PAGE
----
The town I grew up in was described in a Victorian gazetteer as “ill-built, but of good entertainment”. Eighty years later the entertainment had migrated up the A6 to Manchester, otherwise no change. The town council was known for its slothful attitude and reluctance to spend money to make the town a civilized place to live. Take the annual water shortage. The tiny reservoir in the hills was insufficient for the town’s needs, so every summer brought the local equivalent of the glimmer man round to make sure no one was watering their garden, plus a rash of pamphlets through the door advising citizens to ‘Put a Brick in Your Cistern’ or ‘Take a Bath with a Friend’. Eventually the corpo, goaded into action by the threat of non-payment of rates, resolved to build a second reservoir. This they did, only to find, when it was completed, that the water level in the original was dropping alarmingly. An engineering miscalculation meant that water from the first reservoir was percolating into the new one.
This sad scenario parallels what often happens when a restaurateur opens a second outlet. All too frequently an immense effort goes into kick-starting the new enterprise, while the original suffers. In a ‘worst case’ situation standards slide at both outlets as the proprietor shuttles between the two in an effort to steady the ship. So I was a tad alarmed when I heard that Oliver Quenet whose culinary flair so impressed me when I reviewed Vaughan’s of Terenure a year ago had taken over La Maison des Gourmets in Castle Market and had, at the same time, retained his former charge. A quick check with friends who eat there regularly assured me that things were as they were, so I phoned La Maison, as it’s now called, to book a table. They didn’t take bookings but sounded reassuring on the phone, along the lines of “If there are only two of you, give us half an hour’s notice and you’ll be all right”, an unstated “we’ll squeeze you in” vibe came down the line.
I met The Lit’ry Chick in Grogan’s from where I phoned the restaurant to say “We’re next door”. The response was “Fine, come round” which caused me to think the place was bereft of customers and gagging for our arrival. I couldn’t have been more wrong. In fact the ground floor was jammers, so we were directed upstairs to a pleasant room about two thirds full. As the restaurant’s name (and that of the chef) suggests, La Maison is quintessentially French and authentically rustic French at that. I was surprised to find andouillette on the menu. For those who haven’t had the pleasure, andouillette is a smoked sausage fashioned, usually, from pig’s intestines, a thinner and less offensive version of the foetid andouille. To borrow and paraphrase the old saying about playing the accordian, I consider a true gentleman to be a person who could eat andouille but doesn’t. The andouillette on the menu is AAAAA. A fellow critic in her review made much of the fact that this was a ‘5 A’ andioullette. Fine, as long as you realise there’s no such thing as a 4A one – this mnemonic signals the approval of the Association Amicale des Amateurs d’Andouillette Authentiques – which does mean, though, that it is indeed the pig’s bollocks of these pongy snags.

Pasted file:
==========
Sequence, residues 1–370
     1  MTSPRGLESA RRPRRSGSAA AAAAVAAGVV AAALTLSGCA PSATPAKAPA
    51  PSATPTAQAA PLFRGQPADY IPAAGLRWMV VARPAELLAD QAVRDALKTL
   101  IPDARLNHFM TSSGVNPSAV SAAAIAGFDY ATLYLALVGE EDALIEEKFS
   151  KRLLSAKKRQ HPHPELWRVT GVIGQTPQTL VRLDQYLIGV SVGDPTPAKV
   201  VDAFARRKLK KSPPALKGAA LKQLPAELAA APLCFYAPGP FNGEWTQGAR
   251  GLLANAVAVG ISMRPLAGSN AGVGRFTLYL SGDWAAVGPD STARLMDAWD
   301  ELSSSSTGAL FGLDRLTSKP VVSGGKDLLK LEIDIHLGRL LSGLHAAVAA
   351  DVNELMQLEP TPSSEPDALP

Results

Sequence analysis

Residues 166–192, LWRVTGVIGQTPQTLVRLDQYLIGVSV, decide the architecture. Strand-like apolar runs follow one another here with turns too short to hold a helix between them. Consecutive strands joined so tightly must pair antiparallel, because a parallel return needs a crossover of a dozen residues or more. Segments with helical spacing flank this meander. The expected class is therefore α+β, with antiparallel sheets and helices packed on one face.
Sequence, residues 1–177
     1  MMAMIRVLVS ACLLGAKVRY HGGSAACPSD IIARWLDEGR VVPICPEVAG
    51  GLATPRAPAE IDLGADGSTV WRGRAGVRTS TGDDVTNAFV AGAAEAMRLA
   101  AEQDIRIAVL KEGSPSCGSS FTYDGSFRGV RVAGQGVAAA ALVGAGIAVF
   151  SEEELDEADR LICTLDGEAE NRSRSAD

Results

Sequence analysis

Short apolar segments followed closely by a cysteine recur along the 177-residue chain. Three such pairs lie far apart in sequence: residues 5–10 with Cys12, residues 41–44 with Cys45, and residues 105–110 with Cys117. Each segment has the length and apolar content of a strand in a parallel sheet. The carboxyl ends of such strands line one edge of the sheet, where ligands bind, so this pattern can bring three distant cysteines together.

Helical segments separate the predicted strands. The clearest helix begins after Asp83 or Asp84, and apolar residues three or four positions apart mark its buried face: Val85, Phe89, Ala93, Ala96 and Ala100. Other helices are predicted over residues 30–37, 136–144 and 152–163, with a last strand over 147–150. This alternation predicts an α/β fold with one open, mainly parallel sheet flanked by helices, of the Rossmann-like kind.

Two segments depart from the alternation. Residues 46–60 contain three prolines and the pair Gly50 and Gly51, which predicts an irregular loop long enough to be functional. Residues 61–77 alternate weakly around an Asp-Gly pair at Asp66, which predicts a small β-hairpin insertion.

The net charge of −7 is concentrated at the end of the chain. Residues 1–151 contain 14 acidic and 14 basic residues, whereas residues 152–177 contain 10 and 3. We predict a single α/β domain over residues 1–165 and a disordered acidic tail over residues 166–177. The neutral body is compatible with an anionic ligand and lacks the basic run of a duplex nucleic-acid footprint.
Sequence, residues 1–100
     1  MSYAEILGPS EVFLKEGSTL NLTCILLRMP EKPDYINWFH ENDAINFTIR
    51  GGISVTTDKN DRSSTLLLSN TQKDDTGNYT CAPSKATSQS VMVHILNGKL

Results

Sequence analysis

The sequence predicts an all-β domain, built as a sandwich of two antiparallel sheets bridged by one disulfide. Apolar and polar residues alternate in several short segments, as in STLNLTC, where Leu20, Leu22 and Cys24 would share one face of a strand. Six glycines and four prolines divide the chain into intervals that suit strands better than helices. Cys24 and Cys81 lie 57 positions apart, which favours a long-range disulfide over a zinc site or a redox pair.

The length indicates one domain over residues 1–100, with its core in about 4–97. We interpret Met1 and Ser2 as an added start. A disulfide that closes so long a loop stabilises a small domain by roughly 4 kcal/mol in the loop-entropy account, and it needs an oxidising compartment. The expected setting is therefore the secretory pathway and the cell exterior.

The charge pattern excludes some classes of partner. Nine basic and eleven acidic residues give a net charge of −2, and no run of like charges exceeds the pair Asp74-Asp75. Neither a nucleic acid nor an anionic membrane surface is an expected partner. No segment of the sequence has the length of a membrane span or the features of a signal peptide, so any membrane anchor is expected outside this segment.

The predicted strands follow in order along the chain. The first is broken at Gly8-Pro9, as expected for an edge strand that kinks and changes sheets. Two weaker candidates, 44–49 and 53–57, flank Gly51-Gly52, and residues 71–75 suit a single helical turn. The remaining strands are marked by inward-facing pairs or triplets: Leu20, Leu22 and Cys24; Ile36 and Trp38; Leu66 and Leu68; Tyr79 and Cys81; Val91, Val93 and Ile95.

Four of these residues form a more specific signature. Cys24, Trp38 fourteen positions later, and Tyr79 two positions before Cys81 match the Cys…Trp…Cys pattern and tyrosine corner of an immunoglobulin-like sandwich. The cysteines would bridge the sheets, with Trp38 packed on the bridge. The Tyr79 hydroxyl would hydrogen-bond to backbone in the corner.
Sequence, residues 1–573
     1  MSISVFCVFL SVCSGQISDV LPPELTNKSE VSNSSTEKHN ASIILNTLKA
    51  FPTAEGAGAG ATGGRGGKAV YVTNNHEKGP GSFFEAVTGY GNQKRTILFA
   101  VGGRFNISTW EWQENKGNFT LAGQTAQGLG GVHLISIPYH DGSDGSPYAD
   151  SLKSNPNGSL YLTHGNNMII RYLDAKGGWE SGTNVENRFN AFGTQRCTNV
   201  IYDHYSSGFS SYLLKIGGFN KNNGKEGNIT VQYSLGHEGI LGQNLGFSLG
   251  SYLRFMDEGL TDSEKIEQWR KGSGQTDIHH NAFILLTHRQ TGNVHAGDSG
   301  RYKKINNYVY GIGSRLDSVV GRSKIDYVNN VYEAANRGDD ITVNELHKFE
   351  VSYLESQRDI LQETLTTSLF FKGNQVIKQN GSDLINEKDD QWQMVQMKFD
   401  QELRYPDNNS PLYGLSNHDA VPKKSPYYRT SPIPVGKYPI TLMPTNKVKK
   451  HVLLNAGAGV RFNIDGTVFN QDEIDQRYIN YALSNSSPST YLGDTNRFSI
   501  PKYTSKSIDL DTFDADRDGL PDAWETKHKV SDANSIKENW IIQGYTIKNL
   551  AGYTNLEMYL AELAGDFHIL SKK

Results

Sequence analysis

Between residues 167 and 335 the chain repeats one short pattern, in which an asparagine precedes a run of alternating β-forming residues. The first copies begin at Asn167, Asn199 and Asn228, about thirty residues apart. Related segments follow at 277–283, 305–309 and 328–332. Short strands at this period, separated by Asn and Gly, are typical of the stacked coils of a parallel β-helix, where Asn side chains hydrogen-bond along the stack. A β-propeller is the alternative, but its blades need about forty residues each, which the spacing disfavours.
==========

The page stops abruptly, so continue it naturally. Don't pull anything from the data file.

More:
The waiter/sommelier arrived to guide us through the short but interesting list on which I recognised wines imported by Enrico Fantasia and Charles Derain, ex-sommelier of Restaurant Patrick Guilbaud, sound thinking. He put in a plea for the Bourgeuil 2004 to which I acceded, only to find it thin and characterless, a thorn among roses. Everyone else seemed to be drinking it and not many were impressed. I can only assume they have shedloads down the cellar and your man had been told to shift it.
Lit’ry Chick was quick off the mark and took the asparagus with poached egg and foie gras for starters. I had a nibble and it was everything the ingredients promised. I was very happy with my own plateau des pâtés du jour, three pâtés and some rillettes accompanied by rather good bread. Lit’ry Chick then astounded me by taking the andouillette which came with wholegrain mustard and fine pommes Lyonnaise. Bravo! I chickened out and ordered the lamb shank, tender and tasty, accompanied by superb pommes boulangere. We shared a side dish of exceptionally good ratatouille.
Desserts, as expected, pleased. I flirted with the tarte tatin before opting for the French cheese selection while Lit’ry Chick took a delicious chocolate confection. Coffee was, ah um, say no more but I’ve learned to expect little from Les Francais.
There was absolutely no sign of ‘second restaurant syndrome’. La Maison is one brilliant bistro, the kind Dublin needs more of. At last L’Gueuleton has some decent competition in this idiom. Coffee apart, the only negative I can think of is you need a large shoehorn to get yourself into the bogs.
Verdict: Nice rooms, caring staff, decent linen and glassware and glorious food at sensible prices.
The Damage: €115.50 for 2 starters, 2 mains, 2 desserts, mid-priced bottle of wine.